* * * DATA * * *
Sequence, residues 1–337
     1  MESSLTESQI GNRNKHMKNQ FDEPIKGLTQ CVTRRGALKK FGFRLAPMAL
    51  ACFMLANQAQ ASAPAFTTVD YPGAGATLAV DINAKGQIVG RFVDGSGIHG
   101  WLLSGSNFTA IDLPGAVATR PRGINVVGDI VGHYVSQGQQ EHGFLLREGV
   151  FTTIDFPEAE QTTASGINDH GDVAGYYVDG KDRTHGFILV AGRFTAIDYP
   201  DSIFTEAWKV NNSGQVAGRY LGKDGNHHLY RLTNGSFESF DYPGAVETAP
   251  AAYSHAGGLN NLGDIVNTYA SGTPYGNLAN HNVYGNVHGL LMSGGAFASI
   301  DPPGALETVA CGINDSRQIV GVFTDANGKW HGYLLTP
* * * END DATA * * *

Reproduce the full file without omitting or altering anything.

Sequence, residues 1–337
     1  MESSLTESQI GNRNKHMKNQ FDEPIKGLTQ CVTRRGALKK FGFRLAPMAL
    51  ACFMLANQAQ ASAPAFTTVD YPGAGATLAV DINAKGQIVG RFVDGSGIHG
   101  WLLSGSNFTA IDLPGAVATR PRGINVVGDI VGHYVSQGQQ EHGFLLREGV
   151  FTTIDFPEAE QTTASGINDH GDVAGYYVDG KDRTHGFILV AGRFTAIDYP
   201  DSIFTEAWKV NNSGQVAGRY LGKDGNHHLY RLTNGSFESF DYPGAVETAP
   251  AAYSHAGGLN NLGDIVNTYA SGTPYGNLAN HNVYGNVHGL LMSGGAFASI
   301  DPPGALETVA CGINDSRQIV GVFTDANGKW HGYLLTP